This in turn lowers the production and release of testosterone.
  4. The metabolism of Ethanol decreases the amount of NAD+ (Nicotinamide Adenine Dinucleotide) within both the liver and the testes.

    Since NAD+ is necessary for healthy testosterone production, said production is reduced.

With so many contributing factors, it’s easy to see how consistently drinking large quantities of alcohol will have a negative impact on your testosterone levels.Over the long term, the increase in estrogen is likely to be the biggest drag on your progress.

alcohol testosterone feminization

Estrogen itself causes feminization – ie fat gain, strength loss, gynecomastia – and on top of that, it signals a shut down of testosterone production. The one-two punch is hard to dismiss.

Is There A Better or Worse Kind of Alcohol?

When considering the estrogenic aspects of drinking, beer is the biggest culprit has to be beer.

Hops, a prominent ingredient in beer used as both a flavoring and a preservative, contains phytoestrogens.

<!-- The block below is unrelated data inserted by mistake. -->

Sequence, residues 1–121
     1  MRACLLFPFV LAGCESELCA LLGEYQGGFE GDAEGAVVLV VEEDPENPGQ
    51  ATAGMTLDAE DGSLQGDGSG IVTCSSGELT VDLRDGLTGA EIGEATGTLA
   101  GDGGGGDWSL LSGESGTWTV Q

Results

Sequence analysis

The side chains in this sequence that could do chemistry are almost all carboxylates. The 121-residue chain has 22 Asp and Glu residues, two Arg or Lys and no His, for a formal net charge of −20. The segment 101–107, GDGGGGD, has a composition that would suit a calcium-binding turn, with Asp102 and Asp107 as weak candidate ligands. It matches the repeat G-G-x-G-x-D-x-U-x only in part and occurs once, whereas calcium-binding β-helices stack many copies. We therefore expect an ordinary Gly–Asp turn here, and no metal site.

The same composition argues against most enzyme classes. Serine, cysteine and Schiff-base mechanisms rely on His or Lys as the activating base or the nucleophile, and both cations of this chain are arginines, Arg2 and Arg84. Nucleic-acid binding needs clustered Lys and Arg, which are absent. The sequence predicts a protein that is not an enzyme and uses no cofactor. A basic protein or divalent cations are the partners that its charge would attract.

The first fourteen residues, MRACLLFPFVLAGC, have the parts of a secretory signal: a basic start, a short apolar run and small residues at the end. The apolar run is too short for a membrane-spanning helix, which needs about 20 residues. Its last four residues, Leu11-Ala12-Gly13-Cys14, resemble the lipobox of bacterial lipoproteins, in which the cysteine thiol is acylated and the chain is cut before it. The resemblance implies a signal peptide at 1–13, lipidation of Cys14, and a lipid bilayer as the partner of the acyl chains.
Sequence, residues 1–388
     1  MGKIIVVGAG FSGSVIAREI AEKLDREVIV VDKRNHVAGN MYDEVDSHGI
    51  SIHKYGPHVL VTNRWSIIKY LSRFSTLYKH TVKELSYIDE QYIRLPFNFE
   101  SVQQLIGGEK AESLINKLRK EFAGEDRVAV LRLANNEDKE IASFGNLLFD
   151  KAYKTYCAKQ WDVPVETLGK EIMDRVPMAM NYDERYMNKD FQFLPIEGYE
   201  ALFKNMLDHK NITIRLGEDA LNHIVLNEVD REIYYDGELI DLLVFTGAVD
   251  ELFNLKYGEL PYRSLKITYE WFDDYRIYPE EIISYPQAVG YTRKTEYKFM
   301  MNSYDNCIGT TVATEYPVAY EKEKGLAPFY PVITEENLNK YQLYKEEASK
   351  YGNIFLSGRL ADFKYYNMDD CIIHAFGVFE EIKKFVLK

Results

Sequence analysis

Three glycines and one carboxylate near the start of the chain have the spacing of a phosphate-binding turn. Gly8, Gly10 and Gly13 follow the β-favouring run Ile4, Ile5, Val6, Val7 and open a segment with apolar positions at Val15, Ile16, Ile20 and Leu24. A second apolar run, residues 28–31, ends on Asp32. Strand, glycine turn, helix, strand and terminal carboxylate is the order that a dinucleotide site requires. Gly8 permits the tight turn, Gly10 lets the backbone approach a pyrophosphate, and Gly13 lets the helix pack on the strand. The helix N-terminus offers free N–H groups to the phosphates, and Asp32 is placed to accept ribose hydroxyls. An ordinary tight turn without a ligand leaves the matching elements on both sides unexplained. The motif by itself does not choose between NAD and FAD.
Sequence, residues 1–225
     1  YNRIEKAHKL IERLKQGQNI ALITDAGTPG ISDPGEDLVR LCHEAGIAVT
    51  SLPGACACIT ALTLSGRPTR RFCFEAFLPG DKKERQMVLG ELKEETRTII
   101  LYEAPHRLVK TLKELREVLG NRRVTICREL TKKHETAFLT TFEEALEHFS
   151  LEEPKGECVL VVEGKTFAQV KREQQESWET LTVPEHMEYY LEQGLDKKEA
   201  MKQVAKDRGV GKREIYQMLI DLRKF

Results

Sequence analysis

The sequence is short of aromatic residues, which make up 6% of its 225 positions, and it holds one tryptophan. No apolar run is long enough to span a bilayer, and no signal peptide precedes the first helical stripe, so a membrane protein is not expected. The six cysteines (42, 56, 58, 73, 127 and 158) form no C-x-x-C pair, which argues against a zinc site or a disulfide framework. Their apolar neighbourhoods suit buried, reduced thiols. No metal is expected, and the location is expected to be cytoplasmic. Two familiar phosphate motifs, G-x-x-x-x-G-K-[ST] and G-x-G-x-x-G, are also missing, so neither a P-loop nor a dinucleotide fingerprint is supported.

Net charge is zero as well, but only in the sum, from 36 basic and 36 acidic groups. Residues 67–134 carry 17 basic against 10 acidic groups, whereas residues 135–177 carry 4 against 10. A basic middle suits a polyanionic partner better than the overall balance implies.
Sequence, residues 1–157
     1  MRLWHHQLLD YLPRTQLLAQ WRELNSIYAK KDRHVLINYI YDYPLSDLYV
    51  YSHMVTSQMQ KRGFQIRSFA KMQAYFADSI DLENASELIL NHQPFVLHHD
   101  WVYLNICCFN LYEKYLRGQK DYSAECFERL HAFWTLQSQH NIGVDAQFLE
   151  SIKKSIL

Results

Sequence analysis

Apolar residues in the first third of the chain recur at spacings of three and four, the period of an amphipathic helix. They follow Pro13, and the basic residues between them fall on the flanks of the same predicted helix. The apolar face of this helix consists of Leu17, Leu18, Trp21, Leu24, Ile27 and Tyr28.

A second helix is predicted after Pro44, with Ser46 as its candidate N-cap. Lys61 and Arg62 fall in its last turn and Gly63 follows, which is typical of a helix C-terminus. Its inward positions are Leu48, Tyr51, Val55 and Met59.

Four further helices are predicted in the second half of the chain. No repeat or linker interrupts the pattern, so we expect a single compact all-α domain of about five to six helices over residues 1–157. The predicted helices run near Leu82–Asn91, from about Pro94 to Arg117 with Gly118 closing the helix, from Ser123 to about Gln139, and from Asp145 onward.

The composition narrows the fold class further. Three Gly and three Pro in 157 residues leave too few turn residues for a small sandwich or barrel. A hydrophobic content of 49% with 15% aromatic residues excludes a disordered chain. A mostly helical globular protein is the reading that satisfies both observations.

The Hops used in beer are the female flowers of the plant, and are powerfully estrogenic. In fact, it is believed that Hops were historical taken by monks to help reduce their sexual desire.

So on the occasions you do decide to drink, beer may not be your best option.

Instead, think about red wine, which is a much better option for at least two reasons:

1. The Resveratrol in red wine is actually an aromatase inhibitor.

So while alcohol itself can increase estrogen in the body, the resveratrol in red wine (from the skin of grapes) reduces the conversion of testosterone to estrogen, counteracting at least some of the estrogenic effects of alcohol intake.
2. Red wine contains flavonoids that slow down the metabolism, and therefore excretion, of testosterone.

This means less of your valuable testosterone is eliminated as waste in urine, leaving more to continue to circulate through the bloodstream.

When it comes to hard liquor, it’s definitely a better choice than beer; it’s even been shown to actually increase Free T levels temporarily if taken after workouts, but it’s unclear whether this phenomenon was because levels were actually higher or because the inebriated bodies weren’t using the testosterone that was present from the increase caused by resistance training.

Frequently Asked Questions